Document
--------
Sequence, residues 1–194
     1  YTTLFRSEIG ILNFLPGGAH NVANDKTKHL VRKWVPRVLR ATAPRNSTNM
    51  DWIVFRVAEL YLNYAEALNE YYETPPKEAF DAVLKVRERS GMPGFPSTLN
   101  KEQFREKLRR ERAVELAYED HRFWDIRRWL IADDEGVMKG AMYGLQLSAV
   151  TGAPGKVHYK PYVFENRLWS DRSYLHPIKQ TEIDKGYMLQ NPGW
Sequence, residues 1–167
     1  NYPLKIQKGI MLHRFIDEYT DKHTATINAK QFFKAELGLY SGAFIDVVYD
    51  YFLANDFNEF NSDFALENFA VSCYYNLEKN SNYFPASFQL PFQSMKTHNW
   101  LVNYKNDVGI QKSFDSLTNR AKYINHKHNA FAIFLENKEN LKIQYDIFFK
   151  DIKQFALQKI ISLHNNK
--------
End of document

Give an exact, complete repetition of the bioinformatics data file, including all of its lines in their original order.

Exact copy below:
Sequence, residues 1–194
     1  YTTLFRSEIG ILNFLPGGAH NVANDKTKHL VRKWVPRVLR ATAPRNSTNM
    51  DWIVFRVAEL YLNYAEALNE YYETPPKEAF DAVLKVRERS GMPGFPSTLN
   101  KEQFREKLRR ERAVELAYED HRFWDIRRWL IADDEGVMKG AMYGLQLSAV
   151  TGAPGKVHYK PYVFENRLWS DRSYLHPIKQ TEIDKGYMLQ NPGW
Sequence, residues 1–167
     1  NYPLKIQKGI MLHRFIDEYT DKHTATINAK QFFKAELGLY SGAFIDVVYD
    51  YFLANDFNEF NSDFALENFA VSCYYNLEKN SNYFPASFQL PFQSMKTHNW
   101  LVNYKNDVGI QKSFDSLTNR AKYINHKHNA FAIFLENKEN LKIQYDIFFK
   151  DIKQFALQKI ISLHNNK